The U.S. Army Corps of Engineers this week filed a brief urging the U.S. District Court for the District of Columbia to keep the Dakota Access Pipeline’s permits in effect while the agency performs additional environmental review. A federal judge in late March had ruled the Corps’ environmental analysis for the crude oil pipeline did not meet fully consider the potential impacts of an incident near waterways.
The Corps argued vacating the permits is “unnecessary and inappropriate,” noting the agency “largely complied with NEPA” and the procedural error identified by the Court was not deemed “serious” within the context of the overall decision-making process.
Further, as the GAIN Coalition has reiterated, the pipeline project has already undergone extensive environmental review and permitting from both state and federal regulators. Further, it has been safely transporting crude oil from the Bakken region in North Dakota to the Patoka Oil Terminal in southern Illinois for nearly three years. The Corps argued:
There has already been a great deal of environmental and technical review that informed the Corps’ substantive decisions. Given the amount of analysis that has occurred thus far and the specific easement conditions imposed, it is highly likely that the Corps will ultimately be able to substantiate its existing property management decision after correcting the procedural error identified by the Court.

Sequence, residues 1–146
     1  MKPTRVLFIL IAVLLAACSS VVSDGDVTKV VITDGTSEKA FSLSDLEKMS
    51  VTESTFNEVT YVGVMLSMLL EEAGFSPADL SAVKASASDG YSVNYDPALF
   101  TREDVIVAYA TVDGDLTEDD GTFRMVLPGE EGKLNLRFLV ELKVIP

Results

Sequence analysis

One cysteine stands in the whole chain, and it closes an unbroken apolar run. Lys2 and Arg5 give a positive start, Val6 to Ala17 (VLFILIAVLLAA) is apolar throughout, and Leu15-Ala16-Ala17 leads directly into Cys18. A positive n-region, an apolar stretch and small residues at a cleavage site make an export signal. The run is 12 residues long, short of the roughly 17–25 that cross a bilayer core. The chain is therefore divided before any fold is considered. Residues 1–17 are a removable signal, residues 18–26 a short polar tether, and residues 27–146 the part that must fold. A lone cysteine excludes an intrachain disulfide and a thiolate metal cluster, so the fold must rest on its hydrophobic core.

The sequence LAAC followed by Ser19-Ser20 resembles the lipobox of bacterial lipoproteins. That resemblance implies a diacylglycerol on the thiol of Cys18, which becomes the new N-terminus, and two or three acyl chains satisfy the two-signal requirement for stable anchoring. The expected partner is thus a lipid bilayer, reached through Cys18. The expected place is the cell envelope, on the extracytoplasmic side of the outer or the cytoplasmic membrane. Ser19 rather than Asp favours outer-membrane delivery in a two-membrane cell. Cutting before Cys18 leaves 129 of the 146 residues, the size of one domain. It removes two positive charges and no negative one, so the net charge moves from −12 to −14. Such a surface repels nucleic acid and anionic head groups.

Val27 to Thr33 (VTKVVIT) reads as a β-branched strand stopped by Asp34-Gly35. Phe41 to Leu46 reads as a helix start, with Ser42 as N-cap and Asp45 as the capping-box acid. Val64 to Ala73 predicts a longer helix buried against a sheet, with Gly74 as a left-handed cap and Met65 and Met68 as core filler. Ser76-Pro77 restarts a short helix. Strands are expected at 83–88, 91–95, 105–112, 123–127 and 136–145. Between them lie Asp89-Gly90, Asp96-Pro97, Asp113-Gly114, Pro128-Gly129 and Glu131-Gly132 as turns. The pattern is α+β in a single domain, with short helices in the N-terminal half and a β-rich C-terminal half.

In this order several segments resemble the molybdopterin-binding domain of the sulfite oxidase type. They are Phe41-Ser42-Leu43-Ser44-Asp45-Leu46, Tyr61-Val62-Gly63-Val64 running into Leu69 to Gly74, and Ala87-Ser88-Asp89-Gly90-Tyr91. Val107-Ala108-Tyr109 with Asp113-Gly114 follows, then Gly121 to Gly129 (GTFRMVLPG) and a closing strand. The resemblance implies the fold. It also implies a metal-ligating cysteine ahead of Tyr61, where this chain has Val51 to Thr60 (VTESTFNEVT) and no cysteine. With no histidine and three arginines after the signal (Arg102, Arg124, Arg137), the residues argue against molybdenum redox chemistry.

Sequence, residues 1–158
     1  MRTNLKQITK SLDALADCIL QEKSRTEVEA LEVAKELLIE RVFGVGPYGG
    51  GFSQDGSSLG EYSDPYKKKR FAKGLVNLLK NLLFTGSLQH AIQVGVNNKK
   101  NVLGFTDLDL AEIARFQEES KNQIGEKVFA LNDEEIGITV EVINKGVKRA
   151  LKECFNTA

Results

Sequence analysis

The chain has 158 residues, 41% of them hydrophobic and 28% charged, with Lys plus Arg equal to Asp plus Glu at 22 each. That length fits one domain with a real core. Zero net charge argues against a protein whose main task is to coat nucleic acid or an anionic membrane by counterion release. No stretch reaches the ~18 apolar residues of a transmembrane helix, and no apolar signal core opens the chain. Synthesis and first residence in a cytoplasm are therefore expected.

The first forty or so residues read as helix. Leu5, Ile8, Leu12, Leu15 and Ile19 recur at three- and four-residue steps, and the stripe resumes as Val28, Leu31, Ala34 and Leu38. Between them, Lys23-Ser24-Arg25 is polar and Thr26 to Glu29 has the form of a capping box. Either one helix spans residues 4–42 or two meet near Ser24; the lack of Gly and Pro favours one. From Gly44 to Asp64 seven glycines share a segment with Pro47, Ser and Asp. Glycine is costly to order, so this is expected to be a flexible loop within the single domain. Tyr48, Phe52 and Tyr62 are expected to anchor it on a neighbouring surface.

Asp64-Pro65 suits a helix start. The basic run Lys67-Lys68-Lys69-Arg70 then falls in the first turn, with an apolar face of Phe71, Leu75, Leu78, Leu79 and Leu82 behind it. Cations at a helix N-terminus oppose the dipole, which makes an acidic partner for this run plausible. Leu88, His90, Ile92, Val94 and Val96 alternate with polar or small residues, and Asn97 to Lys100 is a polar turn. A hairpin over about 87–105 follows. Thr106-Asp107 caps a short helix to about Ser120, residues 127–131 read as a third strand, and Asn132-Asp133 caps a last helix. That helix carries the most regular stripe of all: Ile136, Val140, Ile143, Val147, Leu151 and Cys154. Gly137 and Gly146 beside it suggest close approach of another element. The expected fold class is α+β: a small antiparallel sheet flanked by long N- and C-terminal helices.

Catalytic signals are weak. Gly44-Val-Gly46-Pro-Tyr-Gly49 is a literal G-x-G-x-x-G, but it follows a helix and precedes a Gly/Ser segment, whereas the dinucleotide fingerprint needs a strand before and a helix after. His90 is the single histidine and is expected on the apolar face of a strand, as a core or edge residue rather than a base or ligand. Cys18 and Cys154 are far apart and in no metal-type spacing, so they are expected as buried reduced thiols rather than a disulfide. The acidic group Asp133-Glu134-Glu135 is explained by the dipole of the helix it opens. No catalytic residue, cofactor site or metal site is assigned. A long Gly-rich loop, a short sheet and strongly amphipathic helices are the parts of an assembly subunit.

The brief also highlighted the extremely disruptive consequences of vacating the easement permits:
Without this property interest, the portion of the Pipeline under Lake Oahe would constitute an encroachment on federal land prompting the Corps to undertake an administrative process to determine whether corrective measures, such as removal, are required. Disruptions from removal could include, among other things, creating the “extreme waste” of dismantling and rebuilding the Pipeline. Removal or even temporary decommissioning could create additional construction-related impacts and result in oil being transported by truck or rail—transportation methods that entail both greater risk of spills and greater air pollution than pipeline transport.
The Corps concluded their brief:
The Corps respectfully submits that the Court should not vacate the Corps’ easement decision authorizing Dakota Access to construct a portion of the Dakota Access Pipeline 100 feet under the bed of Lake Oahe. The Corps’ errors were not “serious” in context, and the disruptive consequences of vacatur would be significant.